Elections scheduled for early next year in Mali could be postponed by months, the prime minister told AFP on Sunday, adding that he was looking for alternative security partners to France as it prepares to reduce its troop presence in the conflict-torn country.
“The main thing for us is less to hold them on February 27 than to hold elections that will not be contested,” Choguel Kokalla Maiga said in an interview in New York on the sidelines of the UN General Assembly.
He suggested the presidential and legislative elections could be postponed by “two weeks, two months, a few months,” adding that a decision will be taken in October following a meeting of a national forum.
“At the end we will issue a more detailed agenda,” Maiga said.
“It is better to organize peaceful elections, recognized by all, rather than to organize elections that will be disputed,” the prime minister added.
The elections, promised for February 2022 by strongman Colonel Assimi Goita, are aimed at restoring civilian rule following a coup in August last year against elected president Ibrahim Boubacar Keita.
The military then appointed an interim civilian government tasked with steering back to democratic rule.
But Goita deposed the civilian leaders of the interim government in May — in a second coup — and was later declared president himself.
He has pledged to respect the February deadline for civilian elections set by the interim government, which also set October 31 as a date for holding a constitutional referendum.
But earlier this month, the West African bloc ECOWAS said it feared a potential delay.
The calendar for the elections “was fixed on the requirements of ECOWAS without posing questions about what practical steps must be taken to get there,” said Maiga.
“We have decided to be pragmatic, to be realistic,” he continued.
“It is very important to be realistic in politics, to be pegged to national public opinion which is today in favor of credible and peaceful elections,” Maiga added.
Rampant insecurity in Mali, and the scale of the task, has cast doubt on its reform timetable.
The violence-torn country was already struggling with a bloody jihadist conflict before it slid into political turmoil.
Swathes of the vast nation lie outside of government control because of a jihadist insurgency that first emerged in the north in 2012, before spreading to the centre of the country, as well as neighbouring Burkina Faso and Niger.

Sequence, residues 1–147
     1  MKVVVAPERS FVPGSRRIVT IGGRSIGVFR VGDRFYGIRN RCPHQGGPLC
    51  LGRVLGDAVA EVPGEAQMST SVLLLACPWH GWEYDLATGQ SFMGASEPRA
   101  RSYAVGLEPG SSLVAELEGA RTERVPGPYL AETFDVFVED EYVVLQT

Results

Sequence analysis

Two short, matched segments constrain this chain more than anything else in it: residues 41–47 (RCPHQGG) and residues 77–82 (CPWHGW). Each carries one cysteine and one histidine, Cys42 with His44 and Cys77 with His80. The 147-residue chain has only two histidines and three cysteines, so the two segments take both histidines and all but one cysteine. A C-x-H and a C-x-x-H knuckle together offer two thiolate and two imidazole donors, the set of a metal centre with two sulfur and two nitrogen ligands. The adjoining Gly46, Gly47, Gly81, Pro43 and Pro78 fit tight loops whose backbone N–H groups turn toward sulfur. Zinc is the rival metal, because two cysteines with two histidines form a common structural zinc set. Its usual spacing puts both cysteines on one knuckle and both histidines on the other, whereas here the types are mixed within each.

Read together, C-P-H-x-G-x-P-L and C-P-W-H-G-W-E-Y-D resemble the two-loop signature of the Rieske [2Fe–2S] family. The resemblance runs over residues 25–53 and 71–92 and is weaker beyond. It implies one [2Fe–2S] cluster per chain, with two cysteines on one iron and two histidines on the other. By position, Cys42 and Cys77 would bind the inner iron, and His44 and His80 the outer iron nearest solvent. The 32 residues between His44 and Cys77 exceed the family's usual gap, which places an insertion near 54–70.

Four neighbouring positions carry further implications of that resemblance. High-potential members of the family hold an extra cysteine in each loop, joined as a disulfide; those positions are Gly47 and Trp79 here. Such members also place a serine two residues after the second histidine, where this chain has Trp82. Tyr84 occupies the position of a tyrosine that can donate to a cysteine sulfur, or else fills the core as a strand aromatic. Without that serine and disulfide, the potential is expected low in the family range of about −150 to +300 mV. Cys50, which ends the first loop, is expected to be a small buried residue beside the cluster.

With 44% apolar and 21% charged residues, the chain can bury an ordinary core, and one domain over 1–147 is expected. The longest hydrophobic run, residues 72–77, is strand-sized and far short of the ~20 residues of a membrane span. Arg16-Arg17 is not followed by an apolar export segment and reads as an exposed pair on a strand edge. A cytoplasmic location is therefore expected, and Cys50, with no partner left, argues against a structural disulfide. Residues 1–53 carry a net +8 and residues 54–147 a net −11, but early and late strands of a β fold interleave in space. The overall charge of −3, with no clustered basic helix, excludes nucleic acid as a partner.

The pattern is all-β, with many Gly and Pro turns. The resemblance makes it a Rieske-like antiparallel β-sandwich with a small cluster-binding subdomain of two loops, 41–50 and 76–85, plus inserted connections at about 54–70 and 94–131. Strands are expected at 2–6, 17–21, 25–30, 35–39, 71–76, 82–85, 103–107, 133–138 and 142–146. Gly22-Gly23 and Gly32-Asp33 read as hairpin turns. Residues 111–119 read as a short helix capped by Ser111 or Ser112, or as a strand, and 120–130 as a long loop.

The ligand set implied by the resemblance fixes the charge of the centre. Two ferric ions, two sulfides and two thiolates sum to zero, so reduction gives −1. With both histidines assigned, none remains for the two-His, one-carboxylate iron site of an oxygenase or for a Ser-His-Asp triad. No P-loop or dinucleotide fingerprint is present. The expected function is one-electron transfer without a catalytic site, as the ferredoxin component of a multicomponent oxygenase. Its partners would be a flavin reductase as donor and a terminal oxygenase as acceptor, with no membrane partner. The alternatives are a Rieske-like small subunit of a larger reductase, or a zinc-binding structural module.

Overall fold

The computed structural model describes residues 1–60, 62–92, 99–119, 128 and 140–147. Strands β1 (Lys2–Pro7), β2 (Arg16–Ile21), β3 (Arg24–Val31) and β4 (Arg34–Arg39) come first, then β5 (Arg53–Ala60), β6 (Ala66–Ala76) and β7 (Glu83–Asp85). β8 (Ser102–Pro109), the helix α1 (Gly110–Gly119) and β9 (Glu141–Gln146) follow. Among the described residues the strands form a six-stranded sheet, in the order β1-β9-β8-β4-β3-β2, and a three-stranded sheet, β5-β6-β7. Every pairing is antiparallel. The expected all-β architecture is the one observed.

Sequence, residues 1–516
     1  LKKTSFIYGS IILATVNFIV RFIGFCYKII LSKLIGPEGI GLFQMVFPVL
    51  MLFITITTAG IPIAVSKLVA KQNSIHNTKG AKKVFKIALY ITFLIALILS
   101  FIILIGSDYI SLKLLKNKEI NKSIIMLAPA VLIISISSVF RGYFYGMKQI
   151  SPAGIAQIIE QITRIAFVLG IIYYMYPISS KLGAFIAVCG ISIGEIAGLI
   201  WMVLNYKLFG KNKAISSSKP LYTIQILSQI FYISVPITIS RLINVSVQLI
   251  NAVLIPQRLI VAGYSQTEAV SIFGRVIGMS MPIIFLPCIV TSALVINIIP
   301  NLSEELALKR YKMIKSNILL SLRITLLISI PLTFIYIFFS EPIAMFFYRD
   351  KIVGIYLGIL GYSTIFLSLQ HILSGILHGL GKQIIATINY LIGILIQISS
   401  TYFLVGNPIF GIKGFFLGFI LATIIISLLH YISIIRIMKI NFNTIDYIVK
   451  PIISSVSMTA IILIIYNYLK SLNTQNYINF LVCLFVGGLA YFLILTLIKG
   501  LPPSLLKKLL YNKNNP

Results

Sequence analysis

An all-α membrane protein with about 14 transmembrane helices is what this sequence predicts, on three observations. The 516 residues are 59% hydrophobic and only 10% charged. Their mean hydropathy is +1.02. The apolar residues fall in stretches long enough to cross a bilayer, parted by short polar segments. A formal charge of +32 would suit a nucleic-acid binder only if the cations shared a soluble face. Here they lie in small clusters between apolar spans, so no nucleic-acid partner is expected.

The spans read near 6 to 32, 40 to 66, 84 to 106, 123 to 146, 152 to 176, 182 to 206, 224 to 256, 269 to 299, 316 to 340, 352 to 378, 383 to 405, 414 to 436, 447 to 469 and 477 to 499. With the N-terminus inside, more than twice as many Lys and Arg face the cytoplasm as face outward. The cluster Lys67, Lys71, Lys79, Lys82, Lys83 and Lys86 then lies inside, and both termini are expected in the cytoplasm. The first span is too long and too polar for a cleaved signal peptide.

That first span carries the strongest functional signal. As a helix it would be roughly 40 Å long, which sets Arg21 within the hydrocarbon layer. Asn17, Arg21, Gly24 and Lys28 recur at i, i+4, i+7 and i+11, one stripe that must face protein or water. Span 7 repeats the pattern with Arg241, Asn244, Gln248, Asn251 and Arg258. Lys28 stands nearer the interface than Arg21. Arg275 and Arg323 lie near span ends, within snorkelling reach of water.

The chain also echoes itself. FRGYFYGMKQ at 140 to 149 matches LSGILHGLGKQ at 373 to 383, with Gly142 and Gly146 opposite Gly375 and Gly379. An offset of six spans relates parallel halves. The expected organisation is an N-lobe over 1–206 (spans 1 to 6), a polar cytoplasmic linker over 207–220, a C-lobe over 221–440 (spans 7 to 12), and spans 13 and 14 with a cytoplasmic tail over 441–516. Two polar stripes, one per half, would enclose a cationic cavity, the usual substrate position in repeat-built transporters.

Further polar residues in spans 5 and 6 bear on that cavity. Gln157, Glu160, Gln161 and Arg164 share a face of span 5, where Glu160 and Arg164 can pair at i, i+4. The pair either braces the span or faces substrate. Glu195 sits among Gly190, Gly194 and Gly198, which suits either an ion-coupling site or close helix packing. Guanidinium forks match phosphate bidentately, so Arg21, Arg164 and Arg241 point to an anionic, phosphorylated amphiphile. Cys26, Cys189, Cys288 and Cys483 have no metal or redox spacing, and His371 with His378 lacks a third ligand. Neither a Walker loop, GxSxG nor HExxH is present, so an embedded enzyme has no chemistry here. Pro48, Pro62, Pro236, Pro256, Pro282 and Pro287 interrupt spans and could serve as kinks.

– Wagner ‘rumors’ –
Asked about UN criticism at the slow speed of the peace and reconciliation agreement signed with rebels in 2015, Maiga promised that the state “continues to respect it.”
He noted however that the situation in the country had “got worse.”
Then “insecurity was in Kidal (in the north). Today, two thirds of the country are invaded by terrorists,” Maiga said in the interview.
The prime minister ripped into France during his address to the General Assembly on Saturday, accusing Paris of abandoning it by preparing a large troop drawdown.
France is due to reduce the number of its troops in the Sahel from 5,000 currently to 2,500 or 3,000 by 2023 as it reorganizes its presence around a tighter unit centered on targeted strikes against jihadist leaders and on supporting local armies.
Maiga said the drawdown would mean France withdrawing its presence from several areas of the country.
“When areas are abandoned,” we “look for alternatives,” he said, referring to controversial negotiations with Russian paramilitary companies, as confirmed on Saturday by Russia’s foreign minister.
“All this debate around Wagner (group) is rumors for now,” he insisted.
He added that when an agreement is made with a state or any partner, “We will have no shame in making it public.”
France has warned Mali that hiring the fighters from the Russian private-security firm would isolate the country internationally.